For starters, you can just state that adding the cards will give its position as 18 cards down. You could then explain that, in this case, it will be a Spade because "Spades is the only card suit not shown in the face up 'indicator' cards". Your story could then continue that it must also be a 7 because "a 6 and a 2 give 8, but there is only one royal card, so we subtract 1 to give 7." Put together "That means the card will be the seven of spades!"

Given that you know your target, some sort of explanation will arise, whether simple or complex. If things get sticky perhaps you can turn over the top card on the face down pile, that gives you more wriggle room (just remember to turn it back before doing the count). Remember card's names can be used as numbers. A KING could act as a 4 in trying to reveal the name of the target card for example. You could also use the fact that a diamond has four points, a club has three bumps, a heart has two and a spade has one. The indicator card's position could also be 'important' in determining the card. Use your imagination!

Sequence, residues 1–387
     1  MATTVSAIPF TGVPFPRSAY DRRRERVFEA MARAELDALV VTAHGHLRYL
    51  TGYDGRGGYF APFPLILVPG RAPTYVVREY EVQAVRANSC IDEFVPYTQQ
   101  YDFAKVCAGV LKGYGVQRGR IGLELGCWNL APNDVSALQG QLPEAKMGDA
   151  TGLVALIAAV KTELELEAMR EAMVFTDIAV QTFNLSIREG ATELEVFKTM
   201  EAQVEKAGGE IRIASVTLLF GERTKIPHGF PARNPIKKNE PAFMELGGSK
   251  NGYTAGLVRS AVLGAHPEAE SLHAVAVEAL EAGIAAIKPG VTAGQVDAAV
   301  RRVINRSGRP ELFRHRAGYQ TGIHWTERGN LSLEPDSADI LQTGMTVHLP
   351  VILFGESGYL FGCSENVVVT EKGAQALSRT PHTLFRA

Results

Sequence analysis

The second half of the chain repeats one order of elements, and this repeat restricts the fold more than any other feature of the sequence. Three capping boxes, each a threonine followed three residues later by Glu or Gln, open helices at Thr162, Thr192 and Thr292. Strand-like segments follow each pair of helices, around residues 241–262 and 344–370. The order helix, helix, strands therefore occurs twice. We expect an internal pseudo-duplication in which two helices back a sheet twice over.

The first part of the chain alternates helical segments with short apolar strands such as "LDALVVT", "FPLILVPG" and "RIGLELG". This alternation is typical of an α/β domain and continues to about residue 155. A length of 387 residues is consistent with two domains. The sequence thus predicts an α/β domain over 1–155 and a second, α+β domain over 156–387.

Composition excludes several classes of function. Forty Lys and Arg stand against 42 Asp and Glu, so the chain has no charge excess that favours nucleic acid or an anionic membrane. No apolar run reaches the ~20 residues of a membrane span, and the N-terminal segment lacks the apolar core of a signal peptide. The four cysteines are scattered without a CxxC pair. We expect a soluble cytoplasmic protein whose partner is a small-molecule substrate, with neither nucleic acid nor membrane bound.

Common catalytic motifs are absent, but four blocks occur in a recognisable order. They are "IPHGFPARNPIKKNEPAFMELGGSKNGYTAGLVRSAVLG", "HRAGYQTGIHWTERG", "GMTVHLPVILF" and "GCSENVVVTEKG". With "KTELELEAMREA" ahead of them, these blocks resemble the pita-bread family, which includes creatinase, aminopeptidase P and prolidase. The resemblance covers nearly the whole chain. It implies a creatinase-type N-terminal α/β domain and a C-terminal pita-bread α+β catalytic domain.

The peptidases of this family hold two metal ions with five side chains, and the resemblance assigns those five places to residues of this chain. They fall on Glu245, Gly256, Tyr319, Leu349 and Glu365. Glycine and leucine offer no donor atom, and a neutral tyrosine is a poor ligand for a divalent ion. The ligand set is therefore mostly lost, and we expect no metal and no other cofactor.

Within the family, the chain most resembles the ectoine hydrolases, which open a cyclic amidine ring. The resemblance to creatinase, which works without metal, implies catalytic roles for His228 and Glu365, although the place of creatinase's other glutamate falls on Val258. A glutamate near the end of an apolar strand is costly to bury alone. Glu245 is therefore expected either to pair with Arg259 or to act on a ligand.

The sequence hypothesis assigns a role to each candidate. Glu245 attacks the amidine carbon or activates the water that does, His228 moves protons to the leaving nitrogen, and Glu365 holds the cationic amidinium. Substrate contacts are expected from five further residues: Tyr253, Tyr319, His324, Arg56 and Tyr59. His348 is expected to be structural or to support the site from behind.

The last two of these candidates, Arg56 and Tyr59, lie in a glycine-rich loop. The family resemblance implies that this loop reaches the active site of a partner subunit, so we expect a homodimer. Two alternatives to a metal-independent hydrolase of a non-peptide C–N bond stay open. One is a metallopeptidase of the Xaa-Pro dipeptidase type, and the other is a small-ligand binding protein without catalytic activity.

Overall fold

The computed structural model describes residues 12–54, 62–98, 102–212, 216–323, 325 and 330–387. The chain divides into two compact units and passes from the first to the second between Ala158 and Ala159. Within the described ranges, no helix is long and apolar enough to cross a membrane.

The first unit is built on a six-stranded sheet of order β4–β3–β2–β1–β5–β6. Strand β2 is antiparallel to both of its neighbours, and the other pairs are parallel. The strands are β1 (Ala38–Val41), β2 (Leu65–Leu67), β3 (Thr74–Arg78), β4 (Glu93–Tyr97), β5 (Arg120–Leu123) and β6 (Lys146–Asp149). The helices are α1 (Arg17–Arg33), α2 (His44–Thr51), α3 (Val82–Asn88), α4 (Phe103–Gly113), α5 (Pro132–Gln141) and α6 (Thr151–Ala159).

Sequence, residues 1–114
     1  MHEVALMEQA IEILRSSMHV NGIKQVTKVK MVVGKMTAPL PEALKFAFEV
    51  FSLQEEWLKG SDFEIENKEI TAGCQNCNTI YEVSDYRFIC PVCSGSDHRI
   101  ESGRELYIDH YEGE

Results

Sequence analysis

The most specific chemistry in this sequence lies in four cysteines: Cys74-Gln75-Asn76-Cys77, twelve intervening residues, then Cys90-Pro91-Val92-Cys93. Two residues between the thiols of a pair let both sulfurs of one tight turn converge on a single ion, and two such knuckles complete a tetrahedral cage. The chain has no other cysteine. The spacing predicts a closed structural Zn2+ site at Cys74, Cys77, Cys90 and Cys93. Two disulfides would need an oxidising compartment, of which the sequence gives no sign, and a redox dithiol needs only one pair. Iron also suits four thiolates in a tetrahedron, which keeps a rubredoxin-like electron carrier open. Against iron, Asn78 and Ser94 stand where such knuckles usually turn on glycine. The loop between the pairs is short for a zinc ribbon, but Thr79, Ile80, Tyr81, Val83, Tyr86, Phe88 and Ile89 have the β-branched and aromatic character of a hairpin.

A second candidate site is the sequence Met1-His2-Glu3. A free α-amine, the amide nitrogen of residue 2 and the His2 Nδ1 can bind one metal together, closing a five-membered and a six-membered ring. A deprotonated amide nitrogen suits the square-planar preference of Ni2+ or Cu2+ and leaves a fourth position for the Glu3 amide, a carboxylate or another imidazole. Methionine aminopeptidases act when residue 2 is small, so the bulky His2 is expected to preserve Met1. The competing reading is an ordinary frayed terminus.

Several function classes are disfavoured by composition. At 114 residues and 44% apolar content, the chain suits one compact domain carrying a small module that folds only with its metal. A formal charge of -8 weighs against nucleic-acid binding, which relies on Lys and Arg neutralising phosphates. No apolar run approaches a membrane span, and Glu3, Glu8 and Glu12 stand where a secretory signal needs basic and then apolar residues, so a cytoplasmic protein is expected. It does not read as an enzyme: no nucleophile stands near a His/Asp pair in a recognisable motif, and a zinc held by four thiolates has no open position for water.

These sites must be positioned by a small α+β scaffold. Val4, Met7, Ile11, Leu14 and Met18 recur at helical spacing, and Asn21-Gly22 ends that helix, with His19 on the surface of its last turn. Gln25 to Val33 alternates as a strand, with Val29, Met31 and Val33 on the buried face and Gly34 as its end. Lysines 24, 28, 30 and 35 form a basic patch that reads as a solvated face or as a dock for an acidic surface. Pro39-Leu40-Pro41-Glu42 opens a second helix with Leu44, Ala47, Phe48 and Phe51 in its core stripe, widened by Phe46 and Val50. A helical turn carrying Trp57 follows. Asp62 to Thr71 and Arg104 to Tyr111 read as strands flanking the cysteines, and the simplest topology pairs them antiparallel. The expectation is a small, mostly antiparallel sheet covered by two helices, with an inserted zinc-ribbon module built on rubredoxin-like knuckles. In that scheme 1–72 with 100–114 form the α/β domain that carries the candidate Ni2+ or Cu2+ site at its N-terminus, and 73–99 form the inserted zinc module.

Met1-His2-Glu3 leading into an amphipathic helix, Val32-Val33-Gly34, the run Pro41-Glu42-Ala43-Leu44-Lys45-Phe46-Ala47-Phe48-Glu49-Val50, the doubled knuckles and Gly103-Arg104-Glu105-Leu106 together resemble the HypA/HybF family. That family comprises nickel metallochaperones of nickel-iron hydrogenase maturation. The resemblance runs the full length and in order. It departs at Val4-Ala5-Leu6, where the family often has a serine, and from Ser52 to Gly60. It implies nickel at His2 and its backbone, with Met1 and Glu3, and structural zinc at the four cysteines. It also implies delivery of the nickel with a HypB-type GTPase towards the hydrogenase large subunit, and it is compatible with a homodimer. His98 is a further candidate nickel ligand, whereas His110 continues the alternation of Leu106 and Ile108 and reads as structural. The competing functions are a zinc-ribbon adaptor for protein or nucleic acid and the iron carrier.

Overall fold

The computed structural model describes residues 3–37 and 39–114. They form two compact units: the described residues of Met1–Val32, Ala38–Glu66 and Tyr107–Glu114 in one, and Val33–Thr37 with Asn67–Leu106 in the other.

## Confidence and 'clarity'

Imagination and confidence in presentation will convince your spectator there is only one way that the indicator cards could be pointing and that's to the target card. You're only going to do the trick once for them after all, so what you say must be the rules. Of course if they were to try it themselves it would be impossible to repeat. First they don't know what you know, that is the target card name, and secondly if they apply your seemingly complex formula to the indicator cards they will get nonsense. This can be fun to watch, especially if you don't over stress the importance of adding the indicator card values together to make the trick work and concentrate more on the flim-flam stuff.

## What's all this to do with computing?